will be safe from spying and/or modification by the server.

[ Parent ]

Re: Encrypted remote backups made easy
Posted by sgeiger (67.78.xx.xx) on Mon 27 Nov 2006 at 23:03
hdup and duplicity are both remote backup encryption tools that are built on gnupg and rsync.

[ Parent ]

Re: Encrypted remote backups made easy
Posted by dkg (216.254.xx.xx) on Mon 27 Nov 2006 at 23:20
[ View Weblogs ]
I think you have a typo in the third line: shouldn't
find /var/www/ -name "*.html" -print >> /tmp/$datum
be
find /var/www/ -name "*.html" -print >> /tmp/$datetime
?

You might want to make sure that you don't open yourself to symlink attacks from predictable filenames, too. For example, another user on your source host might be malicious. That malicious user might write a script to watch the contents of /tmp and trigger an event as soon as something that looks like /tmp/$datetime. If it catches it before your find invocation is complete, the malicious script could create a dangerous symlink like this:

ln -s /home/youruser/yourimportantfile /tmp/backup_sql_$datetime.sql
Then the mysqldump process could actually overwrite the contents of /home/youruser/yourimportantfile on your behalf (hey, you wanted to redirect output to this symlink, right?), clobbering your important data.

Even more devious attacks can be crafted which exploit predictably-named files in world-writable directories like /tmp, potentially even forcing arbitrary users to execute arbitrary code.

A good way to avoid this sort of thing, when you need to work with temporary files is to use something standard like mktemp. here's a typical invocation:

## make a working directory, readable/writable only by me:
WD=$(mktemp -d)

## stuff some data into a file in that working directory:
find /var/www/ -name "*.html" -print >> "$WD/find.out"
Hope this is helpful!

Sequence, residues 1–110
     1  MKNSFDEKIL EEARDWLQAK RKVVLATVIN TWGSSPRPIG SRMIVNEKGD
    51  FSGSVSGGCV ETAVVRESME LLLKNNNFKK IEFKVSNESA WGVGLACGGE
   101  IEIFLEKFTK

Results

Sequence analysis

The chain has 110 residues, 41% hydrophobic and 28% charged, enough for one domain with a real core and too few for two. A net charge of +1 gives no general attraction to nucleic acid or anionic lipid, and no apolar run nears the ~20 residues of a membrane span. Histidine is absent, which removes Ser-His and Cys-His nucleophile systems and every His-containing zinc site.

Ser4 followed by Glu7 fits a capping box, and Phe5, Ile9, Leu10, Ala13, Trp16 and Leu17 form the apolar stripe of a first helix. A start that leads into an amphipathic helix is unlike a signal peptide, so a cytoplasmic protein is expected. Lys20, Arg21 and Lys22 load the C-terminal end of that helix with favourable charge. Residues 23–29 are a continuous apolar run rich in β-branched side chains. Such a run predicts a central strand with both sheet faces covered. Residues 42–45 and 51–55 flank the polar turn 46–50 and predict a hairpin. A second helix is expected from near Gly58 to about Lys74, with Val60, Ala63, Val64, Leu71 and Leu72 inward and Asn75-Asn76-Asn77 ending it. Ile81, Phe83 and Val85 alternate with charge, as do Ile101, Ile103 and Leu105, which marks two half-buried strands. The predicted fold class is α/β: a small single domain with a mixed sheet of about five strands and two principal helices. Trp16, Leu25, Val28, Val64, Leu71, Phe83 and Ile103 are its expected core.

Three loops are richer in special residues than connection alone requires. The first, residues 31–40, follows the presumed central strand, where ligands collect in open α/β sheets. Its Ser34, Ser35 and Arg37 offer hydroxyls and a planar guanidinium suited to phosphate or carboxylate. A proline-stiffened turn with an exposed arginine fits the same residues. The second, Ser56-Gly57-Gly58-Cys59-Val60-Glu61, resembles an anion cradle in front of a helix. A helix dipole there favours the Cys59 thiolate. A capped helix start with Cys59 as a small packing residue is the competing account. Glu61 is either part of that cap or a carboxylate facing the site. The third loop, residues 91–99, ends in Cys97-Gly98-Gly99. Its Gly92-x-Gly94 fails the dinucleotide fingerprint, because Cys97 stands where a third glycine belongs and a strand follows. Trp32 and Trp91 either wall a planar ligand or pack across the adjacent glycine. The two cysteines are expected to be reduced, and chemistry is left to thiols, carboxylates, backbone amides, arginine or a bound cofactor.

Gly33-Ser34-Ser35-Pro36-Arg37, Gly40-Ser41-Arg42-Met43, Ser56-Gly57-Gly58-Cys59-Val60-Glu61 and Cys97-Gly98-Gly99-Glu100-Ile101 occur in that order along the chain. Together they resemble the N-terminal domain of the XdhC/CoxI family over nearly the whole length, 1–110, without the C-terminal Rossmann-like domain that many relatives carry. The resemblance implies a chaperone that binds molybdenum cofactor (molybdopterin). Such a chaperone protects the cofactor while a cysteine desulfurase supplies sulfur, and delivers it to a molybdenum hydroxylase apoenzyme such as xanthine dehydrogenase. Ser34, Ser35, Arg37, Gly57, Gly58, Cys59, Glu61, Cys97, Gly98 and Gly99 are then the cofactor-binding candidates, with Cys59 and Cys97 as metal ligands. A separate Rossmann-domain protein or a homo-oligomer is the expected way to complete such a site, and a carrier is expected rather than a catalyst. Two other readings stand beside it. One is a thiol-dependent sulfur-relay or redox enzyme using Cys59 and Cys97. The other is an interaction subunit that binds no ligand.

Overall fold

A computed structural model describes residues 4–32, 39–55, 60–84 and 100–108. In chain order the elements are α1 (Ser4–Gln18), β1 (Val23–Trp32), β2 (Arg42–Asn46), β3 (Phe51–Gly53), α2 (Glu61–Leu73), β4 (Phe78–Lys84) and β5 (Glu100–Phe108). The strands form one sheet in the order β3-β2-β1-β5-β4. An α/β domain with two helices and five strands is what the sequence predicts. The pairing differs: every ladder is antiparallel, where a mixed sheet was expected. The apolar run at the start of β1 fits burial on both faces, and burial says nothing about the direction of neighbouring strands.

[ Parent ]

Re: Encrypted remote backups made easy
Posted by Anonymous (213.239.xx.xx) on Tue 28 Nov 2006 at 06:39
I like backup-manager:

http://www.backup-manager.org/

"Backup Manager is a command line backup tool for GNU/Linux, designed to help you make daily archives of your file system.

Written in bash and perl, it can make tar, tar.gz, tar.bz2, and zip archives and can be run in a parallel mode with different configuration files.

Archives are kept for a given number of days and the upload system can use ftp or scp to transfer the generated archives to a list of remote hosts. The configuration file is very simple and basic and gettext is used for internationalization."

It uses gnupg for encryption.

[ Parent ]

Typo?
Posted by Anonymous (62.172.xx.xx) on Tue 28 Nov 2006 at 08:04
When you're backing up the .html files, you list them in /tmp/$datum, whereas the other lists of files to backup are in /tmp/$datetime.

I think the $datum is a typo...

Cheers,
Neil Greenwood.

[ Parent ]

Re: Encrypted remote backups made easy
Posted by Anonymous (66.129.xx.xx) on Fri 1 Dec 2006 at 00:19
Another solution to consider, espeically if you need to make incremental backups, is duplicity, as detailed in this previous article.

[ Parent ]